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NASCAR And Its Drivers Getting On The Same Page Over Next Gen Cars, Safety Concerns, Jeff Burton Reveals

The league’s taking major steps to stimy future safety problems of its Next Gen car.  

By Andrew Woodin
Next on Race for the Championship: Episode 8

It's been a rocky year for NASCAR's new Next Gen cars, weathering a barrage of safety issues and a steady drip of criticism from multiple Cup Series drivers, but the league is making strides in communicating the steps being made to address those concerns, according to NASCAR Hall of Famer and director of the drivers advisory council Jeff Burton.

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“We made a lot of progress in identifying issues and working hard to alleviate those, and the communication the last month has gotten much, much better,” Burton said on SiriusXM NASCAR Radio. “The communication from NASCAR all along was really good, but getting all the drivers [in a] weekly meeting at the track where by far the majority of drivers have been attending… Now everybody much more understands what is being done to help with these problems.”

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Tensions reached a fever pitch this year after several disastrous wrecks in the Cup Series rendered multiple drivers with severe concussions, most notably Kurt Busch’s crash at Pocono Raceway that forced him to miss the entire 2022 playoffs. Unable to overcome the debilitating effects on his inner ear equilibrium, the 2004 Cup Series Champion now intends to retire from full-time competition.

Amid the backdrop of public and prominent criticism of the Next Gen car, Burton, who also works as an analyst for NBC Sports, explained how NASCAR officials are hosting multiple all-drivers meetings like they did at Charlotte Motor Speedway earlier this month to air grievances and foster dynamic, meaningful change through a healthy dialogue.

Jeff Burton leaning against his racecar

“These meetings have also allowed conversations between drivers and NASCAR at a level that we’ve never really had before,” Burton continued. “We’ve never — for, say, a month straight — got all the drivers, all the key principals from NASCAR, in one room together and discussed issues. Not, ‘OK, here’s the start/finish line. Here’s the restart procedure.’ Not that, but (on) issues with the car.”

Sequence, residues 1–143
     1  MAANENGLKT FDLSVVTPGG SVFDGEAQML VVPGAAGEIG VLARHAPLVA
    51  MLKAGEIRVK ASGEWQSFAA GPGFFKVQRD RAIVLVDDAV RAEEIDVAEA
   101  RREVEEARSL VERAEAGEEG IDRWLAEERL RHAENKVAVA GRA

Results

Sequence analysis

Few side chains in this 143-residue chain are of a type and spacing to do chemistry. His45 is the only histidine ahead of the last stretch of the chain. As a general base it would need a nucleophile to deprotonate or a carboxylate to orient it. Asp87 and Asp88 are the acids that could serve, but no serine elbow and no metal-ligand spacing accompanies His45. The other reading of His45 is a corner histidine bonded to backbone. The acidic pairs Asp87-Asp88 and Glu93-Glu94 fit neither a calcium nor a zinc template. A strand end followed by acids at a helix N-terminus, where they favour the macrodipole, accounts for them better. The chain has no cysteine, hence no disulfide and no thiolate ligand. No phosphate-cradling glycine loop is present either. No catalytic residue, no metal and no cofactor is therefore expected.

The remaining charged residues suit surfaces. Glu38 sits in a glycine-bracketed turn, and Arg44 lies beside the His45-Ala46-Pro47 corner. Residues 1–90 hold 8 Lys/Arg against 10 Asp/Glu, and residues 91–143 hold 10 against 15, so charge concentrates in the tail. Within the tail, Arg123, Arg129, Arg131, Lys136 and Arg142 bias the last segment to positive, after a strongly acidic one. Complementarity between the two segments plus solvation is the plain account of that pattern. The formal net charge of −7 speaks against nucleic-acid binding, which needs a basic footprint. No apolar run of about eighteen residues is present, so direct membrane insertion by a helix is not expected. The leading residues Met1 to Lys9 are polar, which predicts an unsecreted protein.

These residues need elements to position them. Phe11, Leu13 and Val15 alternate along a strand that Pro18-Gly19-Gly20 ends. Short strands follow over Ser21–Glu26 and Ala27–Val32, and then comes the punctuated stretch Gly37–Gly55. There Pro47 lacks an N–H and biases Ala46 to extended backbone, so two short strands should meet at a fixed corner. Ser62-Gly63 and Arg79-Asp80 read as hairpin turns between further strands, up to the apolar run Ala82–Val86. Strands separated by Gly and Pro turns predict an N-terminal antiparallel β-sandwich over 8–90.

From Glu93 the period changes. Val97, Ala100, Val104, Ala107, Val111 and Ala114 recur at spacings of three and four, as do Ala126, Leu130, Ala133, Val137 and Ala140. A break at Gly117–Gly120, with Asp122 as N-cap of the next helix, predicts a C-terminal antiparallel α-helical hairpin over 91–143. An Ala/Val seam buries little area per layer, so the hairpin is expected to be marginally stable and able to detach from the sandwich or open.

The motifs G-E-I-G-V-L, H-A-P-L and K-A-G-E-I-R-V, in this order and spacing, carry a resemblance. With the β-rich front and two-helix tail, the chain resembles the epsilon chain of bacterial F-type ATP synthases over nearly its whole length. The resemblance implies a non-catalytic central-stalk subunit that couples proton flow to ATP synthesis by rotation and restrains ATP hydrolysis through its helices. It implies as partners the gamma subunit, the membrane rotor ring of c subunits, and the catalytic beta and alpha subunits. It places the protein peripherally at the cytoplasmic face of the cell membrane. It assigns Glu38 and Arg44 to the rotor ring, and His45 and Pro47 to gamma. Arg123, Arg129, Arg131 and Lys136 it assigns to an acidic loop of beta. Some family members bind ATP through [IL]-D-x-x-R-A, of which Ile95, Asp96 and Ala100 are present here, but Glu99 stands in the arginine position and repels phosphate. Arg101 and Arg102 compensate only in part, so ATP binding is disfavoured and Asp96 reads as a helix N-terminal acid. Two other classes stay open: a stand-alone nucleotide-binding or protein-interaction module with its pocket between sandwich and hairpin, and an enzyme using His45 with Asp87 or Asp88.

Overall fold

“That communication has been really good for everybody, because you have a lot of different opinions, a lot of different ideas, a lot of different thoughts of what we can do and everybody being able to get in a room and debate, discuss, and leave there with, ‘OK, let’s go do this.’ That’s been phenomenal,” Burton added.

Now that NASCAR has crash-tested a new rear clip, center clip and bumper structure, Burton believes a target date to integrate those consequential changes should be around the Daytona 500 in February. Reflecting on the concussion Alex Bowman suffered from a rear impact collision at Texas Motor Speedway last month, Cup Series managing director Brad Moran outlined on SiriusXM NASCAR Radio that supplemental evaluations are also in the works for other safety items like the cockpit head and neck braces.

“Ultimately, what I think happened was there was a recognition of an issue, [and] NASCAR went to work on trying to help that issue,” noted Burton. “But there are meaningful changes that are happening right now, [and] the great thing about this process is we’re now thinking about things that we wouldn’t have thought about if we weren’t all in it together.”

“We have a lot more knowledge about it than we did a year ago, so there is an evolution that’s happening with the car but also with seats, seat foam, uniform, fire extinguishers, energy-absorbing foam. … We’re discussing all of it, and we’ve never done that before,” added Burton. “Did we take some steps back to get where we are? Yeah, we did. But ultimately, down the road, we’re going to end up in a much better place.”

“Everybody is lined up wanting to make it better — the fans, the drivers, everybody. We’ve never been in this position. I hate that it went bad to get here, but once it goes bad, what are you going to do? You have to work forward,” Burton stressed. “It is definitely moving at a rapid pace with a lot of collaboration, and I’m really excited about that.”

Though Burton says the first round of discussions were driven, in part, due to the whirlwind of emotions on the part of everyone in the room, talks are more positive now as cooler heads prevail.

“That’s the lesson for all of us to learn,” said Burton. “Let’s don’t let it get to that point. So, next year … you’re going to see NASCAR and drivers meet more. … More interaction, more collaboration on a weekly basis, and I think that in and of itself will go a mile.”

“I want every fan to understand something,” Burton continued. “NASCAR never built a car wanting to get a driver hurt. Nobody wanted to see a driver be injured … but when you are a fraternity of [drivers] and you’re seeing your guys be injured, it’s an emotional thing. It’s like, ‘Damn it, we can’t have that.’” 

“To be honest with you, that’s a good thing that drivers are looking at that and thinking about that… It’s a good thing that we’ve evolved to the point where drivers are saying it’s not acceptable, [and] we have to fix it,” Burton concluded. “There is nothing wrong with that. That helps move the sport where it needs to be.”

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